21. 21. Jump-Diﬀusion Risk-Sensitive Asset Management Solving the Stochastic Control Problem Existence of a C 1,2 Solution to the HJB PDE Step 1: Approximation in policy space - bounded space Consider the following auxiliary problem: ﬁx R > 0 and let BR be the open n-dimensional ball of radius R > 0 centered at 0 deﬁned as BR := {x ∈ Rn : |x| < R}. We construct an investment portfolio by solving the optimal risk-sensitive asset allocation problem as long as X (t) ∈ BR for R > 0. Then, as soon as X (t) ∈ BR , we switch all of the wealth / ˇ into the 0β policy h from the exit time t until the end of the investment horizon at time T . Mark Davis and Sebastien Lleo Jump-Diﬀusion Risk-Sensitive Asset Management
22. 22. Jump-Diﬀusion Risk-Sensitive Asset Management Solving the Stochastic Control Problem Existence of a C 1,2 Solution to the HJB PDE The HJB PDE for this auxiliary problem can be expressed as ˜ ∂Φ 1 ˜ ˜ ˜ + tr ΛΛ (t)D 2 Φ + H(t, x, Φ, D Φ) = 0 ∂t 2 ∀(t, x) ∈ QR := (0, T ) × BR subject to boundary conditions ˜ Φ(t, x) = Ψ(t, x) ∀(t, x) ∈ ∂ ∗ QR := ((0, T ) × ∂BR ) ∪ ({T } × BR ) and where Ψ(T , x) = e −θ ln v ∀x ∈ BR ; Ψ(t, x) := ψ(t) := e θˇ (T −t) ∀(t, x) ∈ (0, T ) × ∂BR and g ˇ where h is a ﬁxed arbitrary 0β policy. ψ is obviously of class C 1,2 (Q ) and the Sobolev-type norm R (2) (2) Ψ η,∂ ∗ QR = ψ η,QR (21) is ﬁnite. Mark Davis and Sebastien Lleo Jump-Diﬀusion Risk-Sensitive Asset Management
23. 23. Jump-Diﬀusion Risk-Sensitive Asset Management Solving the Stochastic Control Problem Existence of a C 1,2 Solution to the HJB PDE ˜ ˜ ˜ Deﬁne a sequence of functions Φ1 , Φ2 ,... Φk ,... on QR = [0, T ] × BR and of bounded measurable feedback control laws h0 , h1 ,... hk ,... where h0 is an arbitrary control. Assuming hk ˜ is deﬁned, Φk+1 solves the boundary value problem: ˜ ∂ Φk+1 1 + tr ΛΛ (t)D 2 Φk+1˜ ∂t 2 ˜ ˜ +f (t, x, hk ) D Φk+1 + θg (t, x, hk )Φk+1 = 0 (22) subject to boundary conditions ˜ Φk+1 (t, x) = Ψ(t, x) ∀(t, x) ∈ ∂ ∗ QR := ((0, T ) × ∂BR ) ∪ ({T } × BR ) Based on standard results on parabolic Partial Diﬀerential Equations (Appendix E in Fleming and Rishel [?], Chapter IV in Ladyzhenskaya, Solonnikov and Uralceva [?]), the boundary value problem (22) admits a unique solution in L η (QR ). Mark Davis and Sebastien Lleo Jump-Diﬀusion Risk-Sensitive Asset Management
24. 24. Jump-Diﬀusion Risk-Sensitive Asset Management Solving the Stochastic Control Problem Existence of a C 1,2 Solution to the HJB PDE Moreover, for almost all (t, x) ∈ QR , k = 1, 2, . . ., we deﬁne hk+1 by the prescription hk+1 = Argminh∈J ˜ ˜ f (t, x, h) D Φk+1 + θg (t, x, h)Φk+1 (23) so that ˜ ˜ f (t, x, hk+1 ) D Φk+1 + θg (t, x, hk+1 )Φk+1 = inf ˜ ˜ f (t, x, h) D Φk+1 + θg (t, x, h)Φk+1 h∈J ˜ ˜ = H(t, x, Φk+1 , D Φk+1 ) (24) Mark Davis and Sebastien Lleo Jump-Diﬀusion Risk-Sensitive Asset Management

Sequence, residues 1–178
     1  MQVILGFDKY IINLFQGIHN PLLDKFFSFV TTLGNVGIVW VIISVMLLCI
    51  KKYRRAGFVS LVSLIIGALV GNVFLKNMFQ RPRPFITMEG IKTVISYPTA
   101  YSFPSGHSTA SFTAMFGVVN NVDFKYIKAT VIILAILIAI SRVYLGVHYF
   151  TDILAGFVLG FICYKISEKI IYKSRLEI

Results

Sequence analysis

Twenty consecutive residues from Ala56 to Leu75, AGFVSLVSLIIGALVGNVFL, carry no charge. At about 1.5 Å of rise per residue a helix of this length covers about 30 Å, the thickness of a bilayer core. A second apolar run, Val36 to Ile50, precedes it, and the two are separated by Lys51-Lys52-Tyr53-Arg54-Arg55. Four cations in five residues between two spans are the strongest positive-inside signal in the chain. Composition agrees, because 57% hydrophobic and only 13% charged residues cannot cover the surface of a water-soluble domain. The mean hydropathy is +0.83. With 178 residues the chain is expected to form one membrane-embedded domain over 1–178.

25. 25. Jump-Diﬀusion Risk-Sensitive Asset Management Solving the Stochastic Control Problem Existence of a C 1,2 Solution to the HJB PDE ˜ Observe that the sequence Φk is globally bounded: k∈N bounded from below by 0 (by Feynman-Kac). bounded from above (optimality principle and ‘zero beta’ (0β) control policy) These bounds do not depend on the radius R and are therefore valid over the entire space (0, T ) × Rn . Mark Davis and Sebastien Lleo Jump-Diﬀusion Risk-Sensitive Asset Management
26. 26. Jump-Diﬀusion Risk-Sensitive Asset Management Solving the Stochastic Control Problem Existence of a C 1,2 Solution to the HJB PDE Step 2: Convergence Inside the Cylinder (0, T ) × BR It can be shown using a control argument that the sequence ˜ Φk ˜ is non increasing and as a result converges to a limit Φ k∈N ˜ (2) as k → ∞. Since the Sobolev-type norm Φk+1 is bounded η,QR for 1 < η < ∞, we can show that the H¨lder-type norm |Φk |1+µ is o ˜ QR also bounded by apply the following estimate given by equation (E.9) in Appendix E of Fleming and Rishel (2) |Φk |1+µ ≤ MR Φk ˜ QR ˜ η,QR (25) for some constant MR (depending on R) and where n+2 µ = 1− η n |Φk |1+µ = |Φk |µ R + ˜ QR ˜ Q |Φki |µ R ˜x Q i=1 Mark Davis and Sebastien Lleo Jump-Diﬀusion Risk-Sensitive Asset Management